Bethesda, MD - The 2014 FASEB Science Research Conference on Nutrient Sensing and Metabolic Signaling focuses on recent advances in the mechanisms by which nutrients and metabolites transduce information to cellular effector functions. Advances in nutritional genomics, epigenetics, metabolomics and the micro biome, in combination with innovations in nutrient signal transduction, are fueling development of new diagnostics, therapeutics, and personalized approaches to combat disease.
Interest in these areas has intensified due to the rising incidence of obesity-related diseases and the desire to develop targeted therapies that address individual metabolic needs. This FASEB Conference brings together physician-scientists and research scientists for presentations, discussions, and potential collaborations to broaden our understanding of fundamental aspects of nutrient modulation of health and disease. The interdisciplinary nature of this conference serves to bridge cell biology with interorgan metabolism and nutrient flux.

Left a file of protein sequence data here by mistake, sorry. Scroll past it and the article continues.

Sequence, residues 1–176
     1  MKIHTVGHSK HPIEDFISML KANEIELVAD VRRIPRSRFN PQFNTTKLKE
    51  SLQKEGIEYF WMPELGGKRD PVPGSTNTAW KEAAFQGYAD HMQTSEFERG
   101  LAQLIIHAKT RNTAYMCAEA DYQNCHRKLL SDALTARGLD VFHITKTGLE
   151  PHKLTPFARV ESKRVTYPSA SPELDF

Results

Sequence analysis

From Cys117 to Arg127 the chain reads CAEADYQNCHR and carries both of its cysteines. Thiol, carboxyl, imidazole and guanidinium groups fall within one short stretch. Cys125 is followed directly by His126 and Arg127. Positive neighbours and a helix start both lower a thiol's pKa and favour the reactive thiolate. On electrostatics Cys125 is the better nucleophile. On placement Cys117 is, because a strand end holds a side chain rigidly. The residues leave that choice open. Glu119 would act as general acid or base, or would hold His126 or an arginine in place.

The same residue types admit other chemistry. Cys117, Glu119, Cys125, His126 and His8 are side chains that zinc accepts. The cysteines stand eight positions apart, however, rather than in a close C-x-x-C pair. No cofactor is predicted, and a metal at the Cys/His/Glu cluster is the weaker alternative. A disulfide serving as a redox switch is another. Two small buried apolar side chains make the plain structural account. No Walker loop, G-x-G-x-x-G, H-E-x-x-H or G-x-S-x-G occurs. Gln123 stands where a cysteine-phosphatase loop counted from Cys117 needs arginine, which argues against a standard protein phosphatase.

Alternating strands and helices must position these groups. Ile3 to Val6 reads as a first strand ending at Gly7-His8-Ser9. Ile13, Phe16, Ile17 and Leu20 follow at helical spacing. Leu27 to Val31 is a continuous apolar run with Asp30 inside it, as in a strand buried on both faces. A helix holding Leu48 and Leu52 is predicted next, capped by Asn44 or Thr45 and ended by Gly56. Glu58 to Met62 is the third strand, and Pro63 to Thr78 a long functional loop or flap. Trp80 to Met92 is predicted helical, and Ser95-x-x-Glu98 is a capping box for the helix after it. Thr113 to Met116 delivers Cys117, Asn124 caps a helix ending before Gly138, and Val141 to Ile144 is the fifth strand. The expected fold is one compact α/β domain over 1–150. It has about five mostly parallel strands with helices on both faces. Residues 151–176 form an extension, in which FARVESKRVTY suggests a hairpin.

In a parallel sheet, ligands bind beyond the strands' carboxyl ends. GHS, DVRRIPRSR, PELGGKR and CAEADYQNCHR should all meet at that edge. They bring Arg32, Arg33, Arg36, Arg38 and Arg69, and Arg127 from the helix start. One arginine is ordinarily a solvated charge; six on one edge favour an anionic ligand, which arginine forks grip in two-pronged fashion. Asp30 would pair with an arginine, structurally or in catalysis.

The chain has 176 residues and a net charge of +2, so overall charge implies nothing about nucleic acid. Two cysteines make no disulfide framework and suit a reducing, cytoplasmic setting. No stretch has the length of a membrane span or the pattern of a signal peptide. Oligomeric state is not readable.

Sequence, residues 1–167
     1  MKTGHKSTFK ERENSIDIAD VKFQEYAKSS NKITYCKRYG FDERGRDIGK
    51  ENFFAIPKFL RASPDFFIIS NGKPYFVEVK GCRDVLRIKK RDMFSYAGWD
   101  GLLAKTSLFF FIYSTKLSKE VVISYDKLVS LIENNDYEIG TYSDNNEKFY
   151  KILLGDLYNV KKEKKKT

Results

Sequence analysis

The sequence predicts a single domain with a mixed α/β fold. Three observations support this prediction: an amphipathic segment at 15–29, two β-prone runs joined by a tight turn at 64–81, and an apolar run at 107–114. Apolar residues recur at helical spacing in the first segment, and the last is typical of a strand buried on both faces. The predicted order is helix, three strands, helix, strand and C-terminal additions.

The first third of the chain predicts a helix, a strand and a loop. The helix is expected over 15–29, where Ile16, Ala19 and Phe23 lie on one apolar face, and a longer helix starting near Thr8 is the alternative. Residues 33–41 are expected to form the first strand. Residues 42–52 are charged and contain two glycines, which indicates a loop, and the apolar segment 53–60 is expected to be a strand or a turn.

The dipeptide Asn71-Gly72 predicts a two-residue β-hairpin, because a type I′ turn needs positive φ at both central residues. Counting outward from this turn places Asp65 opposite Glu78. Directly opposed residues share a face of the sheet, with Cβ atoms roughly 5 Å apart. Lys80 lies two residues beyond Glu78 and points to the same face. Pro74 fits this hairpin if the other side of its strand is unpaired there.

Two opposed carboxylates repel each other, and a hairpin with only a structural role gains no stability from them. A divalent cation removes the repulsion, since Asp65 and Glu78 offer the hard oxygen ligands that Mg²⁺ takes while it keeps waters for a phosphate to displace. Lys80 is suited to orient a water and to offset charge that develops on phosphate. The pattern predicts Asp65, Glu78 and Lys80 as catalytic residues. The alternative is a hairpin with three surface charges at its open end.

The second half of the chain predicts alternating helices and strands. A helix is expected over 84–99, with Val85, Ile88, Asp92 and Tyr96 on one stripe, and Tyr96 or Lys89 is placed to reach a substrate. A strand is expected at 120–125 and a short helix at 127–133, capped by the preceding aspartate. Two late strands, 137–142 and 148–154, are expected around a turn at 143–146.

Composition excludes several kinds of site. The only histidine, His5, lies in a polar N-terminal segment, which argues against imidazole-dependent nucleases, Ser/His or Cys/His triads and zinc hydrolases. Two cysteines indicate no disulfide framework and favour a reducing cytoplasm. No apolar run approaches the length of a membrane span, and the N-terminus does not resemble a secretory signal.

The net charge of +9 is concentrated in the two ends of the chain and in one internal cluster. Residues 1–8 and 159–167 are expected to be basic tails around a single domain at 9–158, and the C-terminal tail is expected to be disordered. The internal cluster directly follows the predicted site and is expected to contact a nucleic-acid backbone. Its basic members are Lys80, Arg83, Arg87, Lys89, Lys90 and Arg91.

The conference is attended by professionals in the fields of nutrition and metabolism, biochemistry and molecular biology, physiology and cell biology, microbiology and immunology, endocrinology and exercise science. This is the only long-standing specialized international conference to focus on the regulation of cellular function and metabolism by nutrients. As such, this conference provides a unique platform to bring together investigators in diverse fields to exchange information and ideas.
FASEB has announced a total of 35 Science Research Conferences (SRC) in 2014. Registration opens January 17, 2014. For more information about an SRC, view preliminary programs, or find a listing of all our 2014 SRCs, please visit http://www.
Since 1982, FASEB SRC has offered a continuing series of inter-disciplinary exchanges that are recognized as a valuable complement to the highly successful society meetings. Divided into small groups, scientists from around the world meet intimately and without distractions to explore new approaches to those research areas undergoing rapid scientific changes.